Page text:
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Lab Develops Automated DNA Construction Software

The j5 software team (Roy Kaltschmidt/Lawrence Berkeley National Lab)

The j5 software team, L-R: Timothy Ham, Joanna Chen, Rafael Rosengarten, and Nathan Hillson (Roy Kaltschmidt/Lawrence Berkeley National Lab)

A team of researchers at Lawrence Berkeley National Laboratory in California has written a software package that they say streamlines the process of DNA construction. The software, known as j5, is available for free for non-commercial users.

DNA construction, also known as DNA cloning or recombinant DNA technology, has become a critical tool of modern biotechnology, employed in genetic studies, medical research, and the development of advanced biofuels. The use of DNA construction in biofuel research brought the need for more efficient DNA processes to the attention of Joint BioEnergy Institute (JBEI), part of the U.S. Department of Energy and an affiliate of the Berkeley Lab.

In DNA construction, multiple genes or fragments of DNA sequences are physically assembled together into structures used to develop new medical treatments and engineer microbes to efficiently carry out a specific task, such as converting cellulosic biomass into renewable transportation fuels.

The process brings together these DNA sequence fragments from a variety of organisms into a self-replicating genetic element, such as a bacterial plasmid — a non-chromosomal element, often a circular DNA — that will propagate the assembled DNA parts in a host cell. In the past, this process has required the use of various restriction enzymes for splicing desired DNA sequence fragments, and ligation enzymes for bonding the fragments to plasmid cloning sites.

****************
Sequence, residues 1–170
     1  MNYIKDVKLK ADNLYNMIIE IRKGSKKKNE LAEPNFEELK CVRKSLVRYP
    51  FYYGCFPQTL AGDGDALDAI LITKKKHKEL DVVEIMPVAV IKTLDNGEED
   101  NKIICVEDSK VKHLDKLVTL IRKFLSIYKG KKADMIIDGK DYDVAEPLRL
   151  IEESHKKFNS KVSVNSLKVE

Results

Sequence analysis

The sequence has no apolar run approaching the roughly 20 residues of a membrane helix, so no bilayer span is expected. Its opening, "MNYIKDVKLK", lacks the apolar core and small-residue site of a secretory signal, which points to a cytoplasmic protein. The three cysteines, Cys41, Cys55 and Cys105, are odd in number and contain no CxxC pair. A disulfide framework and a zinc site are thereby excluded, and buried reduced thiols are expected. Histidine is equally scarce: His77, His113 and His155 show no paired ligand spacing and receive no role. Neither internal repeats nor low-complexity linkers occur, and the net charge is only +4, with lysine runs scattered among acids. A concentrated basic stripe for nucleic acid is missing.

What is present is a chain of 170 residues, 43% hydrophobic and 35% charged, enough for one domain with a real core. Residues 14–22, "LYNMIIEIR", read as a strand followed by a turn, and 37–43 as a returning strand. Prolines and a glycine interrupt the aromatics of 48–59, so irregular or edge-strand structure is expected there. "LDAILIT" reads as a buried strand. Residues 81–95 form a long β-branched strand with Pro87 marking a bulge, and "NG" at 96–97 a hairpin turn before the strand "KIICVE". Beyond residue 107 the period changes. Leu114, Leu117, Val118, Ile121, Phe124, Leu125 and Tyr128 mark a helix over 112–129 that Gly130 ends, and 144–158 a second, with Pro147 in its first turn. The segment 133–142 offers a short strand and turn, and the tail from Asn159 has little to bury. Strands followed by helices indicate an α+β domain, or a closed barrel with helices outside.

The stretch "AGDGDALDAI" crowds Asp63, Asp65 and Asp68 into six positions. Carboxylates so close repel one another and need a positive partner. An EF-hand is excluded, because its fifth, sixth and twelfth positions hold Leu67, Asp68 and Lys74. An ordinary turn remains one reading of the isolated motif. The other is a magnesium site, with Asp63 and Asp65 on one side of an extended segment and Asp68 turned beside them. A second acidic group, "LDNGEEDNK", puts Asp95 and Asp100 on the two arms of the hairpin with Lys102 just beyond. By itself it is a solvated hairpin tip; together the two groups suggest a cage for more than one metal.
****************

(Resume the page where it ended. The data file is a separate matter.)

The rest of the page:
Nathan Hillson, a biochemist who directs JBEI’s Synthetic Biology program, says that the increasing size and number of parts has made DNA construction increasingly more complex and difficult. “The process must often be repeated from scratch for alternate combinations of parts,” notes Hillson, “and every time you clone a different gene or fragment, you might have to use a different pair of restriction sites. This has been a labor-intensive and time-consuming process.”

But Hillson also points out that with modern DNA construction techniques, a small number of enzymes can be used over and over again, independent of the DNA sequence fragments being assembled. This ability to reuse enzymes makes it possible to automate the process using robotics. Designing protocols for these modern DNA construction approaches, however, can be as labor-intensive, time-consuming and error-prone as the traditional approach. To address these and related considerations Hillson and colleagues created the j5 software.

The j5 package is Web-based software that automatically designs and optimizes DNA construction protocols. “Within minutes it can determine the optimal flanking sequences that should be attached to each DNA part” says Hillson, “to produce the desired recombinant DNA at the least expense, in a manner that is executable by hand or robotics.”

The j5 software also makes it possible to construct combinatorial libraries — collections of hundreds to millions of related DNA assemblies, each with a different combination of genes or parts that perform similar functions in different organisms. With combinatorial libraries, scientists can select the most effective genetic combination for achieving a desired result, e.g., the most efficient production of a biofuel or medication in a given host. Hillson says no other automated DNA cloning software does this on the same scale or as fast as j5.

Some 110 institutions worldwide are now registered users of j5. The Web-based version of j5 is available to non-commercial users under a no-cost license agreement. Commercial users can access the Web-based version of j5 on a 14-day trial basis before licensing the software.


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